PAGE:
Going off-grid doesn't have to mean giving up luxuries like hot tubs, blended drinks, flat-screen televisions or electric razors.
While it may look suspiciously like a storybook witch's cauldron, the Dutch Tub is a portable hot tub that runs entirely on wood. I have been looking into getting the Renogy solar panel kits, the price of solar panels have really come down since we moved off grid some 8 years ago. While solar power has been around for a long time now, for most of us it was so expensive we couldn’t really afford it, And if we could afford it we found it too confusing to figure out what we needed and how and where to get it.
However, in the last few years all that has started to change as the price of solar has dramatically dropped. In fact, they are so popular and so good that my standard recommendation for most people on a tight budget is to order a 100, 200 or 400 watt kit from Amazon, depending on their budget and power needs.
A 100 watt kit is probably enough if you have very minimal power needs like a LED light, your cell phone, laptop and a few other small devices; a single 100 watt panel will do that just fine.
But if you want to watch TV, use a 12 volt compressor fridge or run a fan a lot, you need 200 watts: two 100 watt panels. If you want to use a microwave or have Satellite TV you need 400 watts: four 100 watt panels.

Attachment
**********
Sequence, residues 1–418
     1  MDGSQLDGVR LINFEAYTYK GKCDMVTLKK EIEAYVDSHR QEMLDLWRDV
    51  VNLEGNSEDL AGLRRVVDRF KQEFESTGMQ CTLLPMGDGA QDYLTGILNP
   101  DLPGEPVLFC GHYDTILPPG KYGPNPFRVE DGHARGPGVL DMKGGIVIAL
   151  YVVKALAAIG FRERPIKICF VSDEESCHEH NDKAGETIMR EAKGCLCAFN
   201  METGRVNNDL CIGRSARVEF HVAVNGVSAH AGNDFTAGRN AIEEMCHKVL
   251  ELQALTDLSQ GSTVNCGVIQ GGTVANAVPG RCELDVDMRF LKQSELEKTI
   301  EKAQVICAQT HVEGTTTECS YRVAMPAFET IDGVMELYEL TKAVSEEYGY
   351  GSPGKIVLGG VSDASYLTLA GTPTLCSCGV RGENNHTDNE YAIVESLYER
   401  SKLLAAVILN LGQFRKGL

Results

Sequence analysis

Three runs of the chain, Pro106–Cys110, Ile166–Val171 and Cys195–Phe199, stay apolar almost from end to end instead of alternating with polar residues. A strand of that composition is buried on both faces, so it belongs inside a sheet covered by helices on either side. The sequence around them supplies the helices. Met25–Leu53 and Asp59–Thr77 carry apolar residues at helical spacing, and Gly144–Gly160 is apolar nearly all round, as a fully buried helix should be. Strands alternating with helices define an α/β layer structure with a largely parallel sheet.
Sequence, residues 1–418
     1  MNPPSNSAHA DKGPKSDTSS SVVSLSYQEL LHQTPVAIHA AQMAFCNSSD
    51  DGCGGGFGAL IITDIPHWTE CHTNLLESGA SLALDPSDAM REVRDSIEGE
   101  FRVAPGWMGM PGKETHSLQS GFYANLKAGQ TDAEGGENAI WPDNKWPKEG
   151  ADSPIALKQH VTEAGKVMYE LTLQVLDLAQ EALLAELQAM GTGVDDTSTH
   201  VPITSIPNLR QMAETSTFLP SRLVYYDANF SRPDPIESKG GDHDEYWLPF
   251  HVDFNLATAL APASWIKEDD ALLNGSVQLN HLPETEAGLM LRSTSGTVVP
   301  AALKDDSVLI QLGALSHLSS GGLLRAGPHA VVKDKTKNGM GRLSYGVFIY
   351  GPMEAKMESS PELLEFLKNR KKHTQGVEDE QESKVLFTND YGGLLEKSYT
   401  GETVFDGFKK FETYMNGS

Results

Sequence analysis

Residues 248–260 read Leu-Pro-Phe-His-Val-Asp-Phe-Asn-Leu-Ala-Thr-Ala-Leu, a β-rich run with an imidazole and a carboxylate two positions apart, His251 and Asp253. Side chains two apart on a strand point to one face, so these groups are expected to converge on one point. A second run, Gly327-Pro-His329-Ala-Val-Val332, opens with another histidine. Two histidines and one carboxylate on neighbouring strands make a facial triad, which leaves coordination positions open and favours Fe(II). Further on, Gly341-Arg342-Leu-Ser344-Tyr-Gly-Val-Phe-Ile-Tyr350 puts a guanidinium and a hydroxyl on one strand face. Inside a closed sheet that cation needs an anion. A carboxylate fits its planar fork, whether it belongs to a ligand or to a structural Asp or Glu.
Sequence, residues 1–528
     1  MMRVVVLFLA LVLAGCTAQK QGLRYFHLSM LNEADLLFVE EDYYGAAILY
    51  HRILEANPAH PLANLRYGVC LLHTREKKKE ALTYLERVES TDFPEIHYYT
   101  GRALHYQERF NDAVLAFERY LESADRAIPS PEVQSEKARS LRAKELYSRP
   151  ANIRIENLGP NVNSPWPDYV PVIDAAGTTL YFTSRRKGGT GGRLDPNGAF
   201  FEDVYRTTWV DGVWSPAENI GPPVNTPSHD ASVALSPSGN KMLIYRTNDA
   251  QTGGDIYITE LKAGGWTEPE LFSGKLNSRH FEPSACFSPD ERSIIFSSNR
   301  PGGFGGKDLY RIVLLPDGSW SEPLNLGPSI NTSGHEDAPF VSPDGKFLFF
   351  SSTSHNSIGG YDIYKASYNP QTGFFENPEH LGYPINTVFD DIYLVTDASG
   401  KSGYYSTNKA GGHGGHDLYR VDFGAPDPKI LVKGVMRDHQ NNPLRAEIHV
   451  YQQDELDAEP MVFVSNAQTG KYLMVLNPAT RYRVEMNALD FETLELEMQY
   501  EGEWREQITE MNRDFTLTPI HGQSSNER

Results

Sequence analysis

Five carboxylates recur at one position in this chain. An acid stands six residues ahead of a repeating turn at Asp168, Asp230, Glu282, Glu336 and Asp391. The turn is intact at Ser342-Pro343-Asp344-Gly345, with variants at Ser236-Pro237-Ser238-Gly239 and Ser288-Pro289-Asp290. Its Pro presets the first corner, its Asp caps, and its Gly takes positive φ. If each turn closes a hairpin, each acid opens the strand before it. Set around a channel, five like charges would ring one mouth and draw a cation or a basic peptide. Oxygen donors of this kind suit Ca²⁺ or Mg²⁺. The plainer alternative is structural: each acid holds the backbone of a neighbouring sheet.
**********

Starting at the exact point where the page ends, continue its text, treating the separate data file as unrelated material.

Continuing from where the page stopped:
For most people, 200 watts is the sweet spot with enough power to meet your needs for the least amount of money.
It makes installation so much easier that most people can do it by themselves with a little guidance. You don’t have to drill holes in the roof which is a very scary idea for a lot of people and eliminates the risk of leaks. You can park the van in the shade and move the panel out into the sunshine, keeping it much cooler in the summer. It’s easy to tilt the panels, you just lean them up against something like the side of the van. The main disadvantage is you can’t use them while you’re traveling and you can’t use them in the city. I won’t go into details but the main difference between the two kinds of controllers is that the MPPT is more efficient and will get  25% – 35% more amps into the battery than a PWM controller will. Because she didn’t mount the panels on the roof the Z brackets were unneeded and to make it easier to connect and disconnect the panels she adapted a standard 110 volt outdoor extension cord instead of the MC4 extension cord so she didn’t need the it either. First thing to do when you start the installation is to decide where you are going to mount the controller. She wanted the extension cord to be easy to connect and disconnect and also be very strong and durable. In a later post  I’ll give you details  on how to adapt the 110 volt cord to use it with your solar panels.